This is a field I don’t know too much about, maybe reading the occasional article or hearing a story, likely related to how nutrition affects cancer growth. But lately, I’m hearing about cancer over and over and I’m feeling compelled to write about what I’m reading. Probably everyone has had someone in their family or community who has been affected by this disease. In my own family, my grandma and a cousin who was my age died from complications of cancer. I had a childhood friend discover a giant tumor in her chest in her early twenties. It feels shocking and common place at the same time.
The first thing I heard was this interview on Fresh Air with Dr. Elisa Port, who specializes in breast cancer treatments. She had some very interesting to say about the latest in breast cancer research and treatments. Some highlights include:
- Mammograms are still an effective way to screen for breast cancer in the general population and people with breasts should be screened beginning at age 40
- 3-D mammograms have the ability to take multiple pictures in different directions and has reduced the number of false positives (thinking there might be a tumor when there isn’t)
- After a mastectomy, most of the sensation in the breast is gone because the nerve endings that connected to the nipple have been removed with the affected breast tissue
- People should consider getting genetic testing for BRCA mutations (these are mutations that dramatically increase the likelihood of developing breast cancer, and ovarian cancer) if: if there is a personal diagnosis of premenopausal breast cancer; if there is a family history of premenopausal breast cancer or ovarian cancer; if there is a family history of breast cancer in men; or if they are of Ashkenazi Jewish (Eastern European) decent because the mutation rates are 1:40 in this population, compared with 1:400 in the general population
- BRCA mutations be passed down through the paternal and maternal side of the family
- New drug developments have lead to the ability to customize treatments for a person’s individual cancer type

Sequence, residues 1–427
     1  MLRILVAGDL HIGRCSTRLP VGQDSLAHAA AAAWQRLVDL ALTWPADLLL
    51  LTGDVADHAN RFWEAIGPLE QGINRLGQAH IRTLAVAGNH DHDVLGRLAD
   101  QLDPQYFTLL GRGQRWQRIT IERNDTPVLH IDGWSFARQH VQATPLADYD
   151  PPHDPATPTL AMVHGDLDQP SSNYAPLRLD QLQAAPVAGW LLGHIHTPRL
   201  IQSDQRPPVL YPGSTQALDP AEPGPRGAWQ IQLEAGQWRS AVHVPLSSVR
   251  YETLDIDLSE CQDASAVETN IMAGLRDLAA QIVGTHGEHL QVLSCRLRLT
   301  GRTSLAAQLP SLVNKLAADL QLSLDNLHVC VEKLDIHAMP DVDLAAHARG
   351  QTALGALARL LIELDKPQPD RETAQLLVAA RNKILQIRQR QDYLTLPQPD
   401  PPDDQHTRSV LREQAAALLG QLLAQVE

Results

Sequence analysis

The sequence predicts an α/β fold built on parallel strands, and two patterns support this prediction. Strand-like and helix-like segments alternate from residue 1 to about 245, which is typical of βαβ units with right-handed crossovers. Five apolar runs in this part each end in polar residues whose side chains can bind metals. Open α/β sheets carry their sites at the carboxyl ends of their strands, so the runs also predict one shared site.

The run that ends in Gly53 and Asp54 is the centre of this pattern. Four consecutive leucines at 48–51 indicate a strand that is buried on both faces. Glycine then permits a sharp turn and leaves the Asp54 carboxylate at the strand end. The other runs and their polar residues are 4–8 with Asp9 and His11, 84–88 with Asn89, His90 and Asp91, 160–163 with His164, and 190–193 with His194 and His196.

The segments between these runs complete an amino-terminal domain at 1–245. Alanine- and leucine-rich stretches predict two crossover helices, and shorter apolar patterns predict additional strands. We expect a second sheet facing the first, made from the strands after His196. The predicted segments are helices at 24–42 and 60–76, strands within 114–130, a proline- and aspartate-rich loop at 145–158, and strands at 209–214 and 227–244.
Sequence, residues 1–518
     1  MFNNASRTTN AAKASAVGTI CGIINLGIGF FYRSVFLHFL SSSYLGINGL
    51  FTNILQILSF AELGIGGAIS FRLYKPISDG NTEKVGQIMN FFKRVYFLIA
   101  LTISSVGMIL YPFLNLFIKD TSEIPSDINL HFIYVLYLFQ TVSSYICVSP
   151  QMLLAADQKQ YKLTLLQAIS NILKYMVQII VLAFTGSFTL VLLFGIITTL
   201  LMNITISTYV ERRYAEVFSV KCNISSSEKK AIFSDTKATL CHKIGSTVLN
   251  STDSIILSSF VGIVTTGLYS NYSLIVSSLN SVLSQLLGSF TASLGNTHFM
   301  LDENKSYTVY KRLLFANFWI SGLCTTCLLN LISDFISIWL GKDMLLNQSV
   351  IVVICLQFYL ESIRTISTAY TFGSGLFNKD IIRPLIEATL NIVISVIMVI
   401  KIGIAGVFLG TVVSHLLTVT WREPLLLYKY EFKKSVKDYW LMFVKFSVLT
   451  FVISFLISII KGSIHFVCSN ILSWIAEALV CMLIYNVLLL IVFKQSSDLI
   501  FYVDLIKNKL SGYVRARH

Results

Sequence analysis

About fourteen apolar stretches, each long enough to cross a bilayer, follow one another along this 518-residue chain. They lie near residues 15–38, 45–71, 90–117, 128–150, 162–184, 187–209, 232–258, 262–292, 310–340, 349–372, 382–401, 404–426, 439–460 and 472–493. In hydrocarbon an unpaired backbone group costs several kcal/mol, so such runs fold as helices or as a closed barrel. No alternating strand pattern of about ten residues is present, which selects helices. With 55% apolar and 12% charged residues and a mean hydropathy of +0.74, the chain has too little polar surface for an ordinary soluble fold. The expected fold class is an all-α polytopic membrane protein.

I recommend listening to the full interview in the link.
Soon after I heard that interview I found this article on a study that supports beginning cancer treatments during pregnancy. The study followed a group of children who had been exposed to cancer-fighting drugs in utero in the last two trimesters of pregnancy, and found that they had normal cognitive and cardiac function. This is surprising because the drugs used to treat many cancers are strong and can affect the cardiac function of the adults who experience the treatments, and we know that the drugs cross the placenta. The researchers recommended against prematurely inducing birth so the person with cancer can begin treatment sooner. Prematurity is associated with cognitive and cardiac abnormalities. Further research needs to be done showing the effects of other chemotherapy drugs and with a larger sample size of children who were exposed in utero. Cancer in pregnancy is rare, affecting approximately 1:1000 people.
Back to breast cancer, a large, 5 year study out of Spain found that eating a Mediterranean plus adding 4 tablespoons of olive oil per day may reduce one’s risk of developing breast cancer. In addition to the benefits of the added olive oil, the Mediterranean diet is plant-based, replacing many desserts with fruit, limits beverages to water or red wine, reduces dairy and red meat is consumed once per week or less. This alone, with an emphasis on eating more fruits and veggies and staying away from processed foods, would have a big impact on overall health, I think. The olive oil group was compared to a group eating a low-fat diet, and another group following a Mediterranean diet supplemented with nuts instead of olive oil. Food affects us people! Before you go out and grab another three bottles of olive oil for the week, there’s this sad fact – most of it will not be what you think you’re buying. This post has some examples of good olive oils from actual stores that you and I might shop at on a daily basis.